A chaperone, also known as a matron, is someone who is licensed by a local authority to look after children who are working in entertainment. They make certain that the child does not work too many hours without proper breaks, education is provided in certain circumstances, and that the child's safety, comfort and welfare are taken care of at all times.
A chaperone can supervise a maximum of 12 children at a time, who must all be of the same sex. The chaperone is responsible for the child at all times except when she/he is rehearsing, performing or with a parent or carer.
When is a chaperone needed?
School-age children, up to and including Year 11, who are taking part in or rehearsing for a public performance must by law be accompanied by a registered chaperone, if the child cannot be accompanied by their parents or carer.
These performances include any television, theatre, film or amateur performance as well as sporting activities or modelling.
Children involved in any performance, whether it is a village hall pantomime or a long running broadcast performance, will always need to be accompanied by a registered chaperone. Similarly, if the performance runs longer than three days the child will need a child performance licence.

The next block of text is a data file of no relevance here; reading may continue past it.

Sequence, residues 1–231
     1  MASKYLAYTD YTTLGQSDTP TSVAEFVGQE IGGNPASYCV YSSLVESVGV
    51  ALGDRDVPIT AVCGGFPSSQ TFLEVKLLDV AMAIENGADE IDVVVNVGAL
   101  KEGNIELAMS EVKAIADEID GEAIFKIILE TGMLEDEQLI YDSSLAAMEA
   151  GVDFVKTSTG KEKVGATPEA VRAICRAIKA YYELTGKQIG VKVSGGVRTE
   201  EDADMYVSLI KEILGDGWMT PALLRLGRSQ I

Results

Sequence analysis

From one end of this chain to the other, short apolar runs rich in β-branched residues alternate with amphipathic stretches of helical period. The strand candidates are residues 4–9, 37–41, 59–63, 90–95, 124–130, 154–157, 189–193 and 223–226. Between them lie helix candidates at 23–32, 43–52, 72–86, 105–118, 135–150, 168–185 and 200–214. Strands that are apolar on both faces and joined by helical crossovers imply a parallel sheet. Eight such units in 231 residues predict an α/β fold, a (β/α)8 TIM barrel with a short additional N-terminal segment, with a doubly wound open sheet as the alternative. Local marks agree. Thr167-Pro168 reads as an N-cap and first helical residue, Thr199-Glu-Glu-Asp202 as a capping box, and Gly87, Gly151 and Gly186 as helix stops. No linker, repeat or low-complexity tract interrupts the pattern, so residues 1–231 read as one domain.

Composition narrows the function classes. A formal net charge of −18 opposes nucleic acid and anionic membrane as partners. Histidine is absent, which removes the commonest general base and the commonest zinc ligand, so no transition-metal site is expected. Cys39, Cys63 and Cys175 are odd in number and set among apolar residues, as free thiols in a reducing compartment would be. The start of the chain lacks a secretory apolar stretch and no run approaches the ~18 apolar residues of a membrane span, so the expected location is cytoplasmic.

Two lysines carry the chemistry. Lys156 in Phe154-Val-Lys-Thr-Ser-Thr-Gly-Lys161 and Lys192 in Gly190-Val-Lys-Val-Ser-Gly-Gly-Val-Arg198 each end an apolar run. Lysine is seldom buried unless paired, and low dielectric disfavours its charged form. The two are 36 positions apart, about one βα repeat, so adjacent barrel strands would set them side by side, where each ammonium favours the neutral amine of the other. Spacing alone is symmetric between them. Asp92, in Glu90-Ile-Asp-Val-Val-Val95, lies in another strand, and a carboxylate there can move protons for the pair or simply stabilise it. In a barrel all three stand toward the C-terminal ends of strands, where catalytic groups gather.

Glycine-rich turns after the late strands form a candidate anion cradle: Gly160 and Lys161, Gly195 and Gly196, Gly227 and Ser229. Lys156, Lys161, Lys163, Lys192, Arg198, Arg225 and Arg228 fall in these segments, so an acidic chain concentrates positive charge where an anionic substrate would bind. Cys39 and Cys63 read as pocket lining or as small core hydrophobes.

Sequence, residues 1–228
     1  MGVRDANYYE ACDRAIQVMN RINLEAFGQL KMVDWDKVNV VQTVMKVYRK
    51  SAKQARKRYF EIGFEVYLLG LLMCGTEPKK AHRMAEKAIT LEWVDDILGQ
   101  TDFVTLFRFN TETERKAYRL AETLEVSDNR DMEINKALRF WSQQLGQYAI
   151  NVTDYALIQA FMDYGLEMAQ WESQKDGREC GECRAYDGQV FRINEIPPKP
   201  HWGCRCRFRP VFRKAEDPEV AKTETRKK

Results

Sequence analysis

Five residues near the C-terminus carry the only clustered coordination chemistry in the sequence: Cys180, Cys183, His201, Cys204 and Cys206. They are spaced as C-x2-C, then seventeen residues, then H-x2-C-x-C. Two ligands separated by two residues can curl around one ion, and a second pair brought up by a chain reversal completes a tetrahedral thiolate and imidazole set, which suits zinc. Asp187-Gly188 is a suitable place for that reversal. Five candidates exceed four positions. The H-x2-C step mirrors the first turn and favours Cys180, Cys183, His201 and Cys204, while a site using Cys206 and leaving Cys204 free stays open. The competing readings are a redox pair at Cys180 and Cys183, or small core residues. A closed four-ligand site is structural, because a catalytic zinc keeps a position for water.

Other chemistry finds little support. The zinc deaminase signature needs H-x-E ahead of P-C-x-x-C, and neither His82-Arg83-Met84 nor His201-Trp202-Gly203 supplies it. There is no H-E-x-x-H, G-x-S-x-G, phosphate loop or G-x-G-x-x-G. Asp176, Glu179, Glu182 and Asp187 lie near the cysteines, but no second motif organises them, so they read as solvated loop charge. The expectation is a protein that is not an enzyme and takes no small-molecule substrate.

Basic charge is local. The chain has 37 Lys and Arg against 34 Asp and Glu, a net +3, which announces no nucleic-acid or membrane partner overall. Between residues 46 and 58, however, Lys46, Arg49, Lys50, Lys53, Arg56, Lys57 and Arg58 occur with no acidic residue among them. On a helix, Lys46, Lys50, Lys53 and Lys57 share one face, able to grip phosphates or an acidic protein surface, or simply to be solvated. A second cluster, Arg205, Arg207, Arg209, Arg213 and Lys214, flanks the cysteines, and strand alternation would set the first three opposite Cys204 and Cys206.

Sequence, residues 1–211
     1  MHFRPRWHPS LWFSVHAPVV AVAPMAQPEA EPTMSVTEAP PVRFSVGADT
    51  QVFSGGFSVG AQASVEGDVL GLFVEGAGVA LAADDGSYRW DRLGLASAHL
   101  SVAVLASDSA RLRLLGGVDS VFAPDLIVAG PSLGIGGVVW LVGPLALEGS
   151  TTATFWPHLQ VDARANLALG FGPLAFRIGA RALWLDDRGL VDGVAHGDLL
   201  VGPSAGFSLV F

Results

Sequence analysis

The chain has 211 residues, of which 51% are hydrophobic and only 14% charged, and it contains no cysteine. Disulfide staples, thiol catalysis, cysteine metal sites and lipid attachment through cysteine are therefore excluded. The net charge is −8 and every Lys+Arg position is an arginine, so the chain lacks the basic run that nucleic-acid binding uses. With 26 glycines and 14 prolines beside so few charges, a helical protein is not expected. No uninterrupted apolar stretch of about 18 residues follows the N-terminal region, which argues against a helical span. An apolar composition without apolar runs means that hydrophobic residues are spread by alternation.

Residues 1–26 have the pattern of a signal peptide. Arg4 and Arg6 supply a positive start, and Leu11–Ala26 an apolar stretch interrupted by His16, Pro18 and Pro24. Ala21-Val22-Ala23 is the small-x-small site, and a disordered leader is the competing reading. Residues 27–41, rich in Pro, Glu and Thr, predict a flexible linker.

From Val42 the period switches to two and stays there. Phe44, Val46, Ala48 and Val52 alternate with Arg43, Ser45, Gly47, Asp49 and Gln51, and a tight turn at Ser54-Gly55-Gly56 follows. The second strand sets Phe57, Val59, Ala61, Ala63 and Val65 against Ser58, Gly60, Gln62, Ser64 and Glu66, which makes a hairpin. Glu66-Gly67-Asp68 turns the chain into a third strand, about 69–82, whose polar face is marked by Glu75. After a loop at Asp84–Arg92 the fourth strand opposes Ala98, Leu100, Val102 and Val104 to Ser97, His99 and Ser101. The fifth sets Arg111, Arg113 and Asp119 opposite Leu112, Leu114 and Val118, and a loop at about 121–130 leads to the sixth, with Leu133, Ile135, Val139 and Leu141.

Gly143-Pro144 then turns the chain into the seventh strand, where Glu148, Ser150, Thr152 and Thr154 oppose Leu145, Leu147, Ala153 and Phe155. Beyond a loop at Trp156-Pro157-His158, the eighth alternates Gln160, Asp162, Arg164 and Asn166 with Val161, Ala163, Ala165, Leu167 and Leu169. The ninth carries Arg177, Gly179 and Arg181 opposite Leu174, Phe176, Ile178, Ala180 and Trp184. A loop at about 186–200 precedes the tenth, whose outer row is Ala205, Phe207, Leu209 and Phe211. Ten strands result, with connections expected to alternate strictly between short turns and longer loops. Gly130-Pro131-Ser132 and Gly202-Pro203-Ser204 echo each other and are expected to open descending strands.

How do I register to become a chaperone?
You need to complete an application form and have clearance from the Criminal Records Bureau (CRB). You will also need to attend training.
Chaperone application form (PDF 40kb)
Chaperone Consent Form (PDF 22kb)
Chaperone information leaflet (PDF 104kb)
- Children and Young Persons Act 1933 and1963
- Children (Performances) Regulations 1968
- The Children (Performance) (Miscellaneous Amendments) Regulations 1998(1)
- The Children (Performance) (Amendment) (No.2) Regulations 2000